They are masses of denser bone on the right and left lateral aspects of the posterior cervical spine.
What is superior and inferior to the lateral masses?
The superior and inferior articular processes
What's the average inter-facet distance?
9mm to 16mm with an average of 13mm.
Describe the lateral mass of C7.
It's' more elongated and thinner than at higher levels.
Name the cervical ligaments.
Describe the Occipito-Atlantal
The Occipito-Atlantal ligamentous complex consits of four components, the anterior and posterior and the two thicker lateral ligaments.
Describe the Atlanto-Axial ligaments
Four major ligaments extending from the atlas to the axis. Anterior, posterior and two lateral.
Describe the Occipito-Axial
Four ligaments connect the occiput to C2.
How many ligaments originate from the odontoid process?
What are the alar ligaments or check ligaments?
Ligaments extending laterally from the tip of the odontoid to the occipital condyles.
What is the apical ligament?
It extends from the tip of the odontoid process to the anterior aspect of the foramen magnum.
What is the foramen magnum?
the hole in the base of the skull through which the spinal cord passes
Describe the transverse ligaments.
Diamond shaped and stabilises the atlanto-axial complex. It extends from the Atlas behind the Dens, to insert on the opposite anterolateral portion of the atlas.
What is the cruciform ligament?
The entire ligament complex that contains the transverse ligaments and the fascicles.
Describe the anterior longitudinal ligament.
the ALL consists of thick, longitudinally orientated fibres extending from the axis anteriorly to the sacrum. The fibers adhere to the annulus.
Describe the Posterior Longitudinal Ligament
The PLL is weaker than the ALL. The fibres are less dense. It runs from the axis caudally to the sacrum. Like the ALL it adheres to the vertebrae at the superior and inferior margins and to the annulus of the disc.
Describe the Interspinous ligament.
The interspinous ligament connects each adjacent spinous process. The interspinous ligament is part of the ligamentum nuchae.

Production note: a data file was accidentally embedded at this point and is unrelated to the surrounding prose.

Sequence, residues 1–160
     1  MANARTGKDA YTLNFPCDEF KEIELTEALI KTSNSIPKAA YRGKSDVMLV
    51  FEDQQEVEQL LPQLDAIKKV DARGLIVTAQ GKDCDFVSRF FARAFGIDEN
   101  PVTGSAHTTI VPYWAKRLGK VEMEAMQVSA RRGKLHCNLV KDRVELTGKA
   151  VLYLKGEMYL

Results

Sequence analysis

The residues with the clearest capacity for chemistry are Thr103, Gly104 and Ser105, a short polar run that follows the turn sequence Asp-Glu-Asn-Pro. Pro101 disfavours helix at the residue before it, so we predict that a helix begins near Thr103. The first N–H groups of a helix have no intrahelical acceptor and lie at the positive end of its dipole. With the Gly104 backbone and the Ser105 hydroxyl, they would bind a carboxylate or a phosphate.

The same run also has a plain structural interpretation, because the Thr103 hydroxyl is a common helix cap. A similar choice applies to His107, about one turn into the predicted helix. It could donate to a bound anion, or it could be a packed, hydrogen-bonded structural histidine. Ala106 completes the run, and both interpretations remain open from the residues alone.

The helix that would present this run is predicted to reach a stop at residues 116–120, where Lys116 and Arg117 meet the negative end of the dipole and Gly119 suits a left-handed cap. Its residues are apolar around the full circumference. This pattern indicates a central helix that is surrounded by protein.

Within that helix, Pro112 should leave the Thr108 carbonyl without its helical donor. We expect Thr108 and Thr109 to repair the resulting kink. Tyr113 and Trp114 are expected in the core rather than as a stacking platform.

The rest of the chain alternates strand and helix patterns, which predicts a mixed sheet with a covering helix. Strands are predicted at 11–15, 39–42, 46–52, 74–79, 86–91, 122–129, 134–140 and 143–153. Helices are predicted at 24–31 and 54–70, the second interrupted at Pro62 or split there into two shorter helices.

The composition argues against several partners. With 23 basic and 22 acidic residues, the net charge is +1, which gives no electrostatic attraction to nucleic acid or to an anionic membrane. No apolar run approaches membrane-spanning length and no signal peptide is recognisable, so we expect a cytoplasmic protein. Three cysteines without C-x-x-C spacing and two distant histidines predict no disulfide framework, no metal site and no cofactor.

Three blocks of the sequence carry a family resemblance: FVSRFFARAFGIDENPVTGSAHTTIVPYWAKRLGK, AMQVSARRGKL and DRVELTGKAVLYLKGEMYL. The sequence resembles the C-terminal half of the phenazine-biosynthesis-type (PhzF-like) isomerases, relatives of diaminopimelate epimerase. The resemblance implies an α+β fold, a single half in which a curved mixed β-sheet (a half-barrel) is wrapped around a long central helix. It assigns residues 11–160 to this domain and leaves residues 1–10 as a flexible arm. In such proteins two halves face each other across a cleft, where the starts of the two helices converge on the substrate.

Describe the Supraspinous ligament.
A very strong band connecting the tips of the neighbouring spinous process. It extends from C7 to the sacrum. Above C7 these ligaments are port of the ligamentum nuchae.
Or yellow ligament that extends longitudinally from the anterior surface of the lamina above to the superior margin and posterior surface of the lamina below. It originates at C2 and terminates at the sacrum. It thickens as it moves down the spine.
What are the 3 functions of the cervical muscles?
To move the head and neck
To suspend and move the entire shoulder girdle
To suspend, fix and elevate the thoracic inlet
The muscles in this area are found in?
What are these pairs of cervical muscles attached to?
The skull and spinous processes
What 3 groups are the posterior muscles divided into?
What is the most superficial muscle?
The trapezius. It originates from the external occipital protuberance and the medial nuchal line of C7 and extends to the spinous process of T12.
Name an intermediate muscle.
Name 4 deep cervical muscles.
What is the nuchal line?
The nuchal lines are four curved lines on the external surface of the occipital bone
What is the mastoid process?
The mastoid process is a conical prominence projecting from the undersurface of the mastoid portion of the temporal bone.
What muscles superficially cover the sub-occipital region of the cervical spine?
The trapexius, the splenius capitis and the semispinalis capitis muscles
What muscle originates from the spinous process of the axis?
The rectus capitis posterior major muscle
What muscle runs obliquely cephalad from the spinous process of the axis to the inferodorsal aspect of the transverse process of the atlas?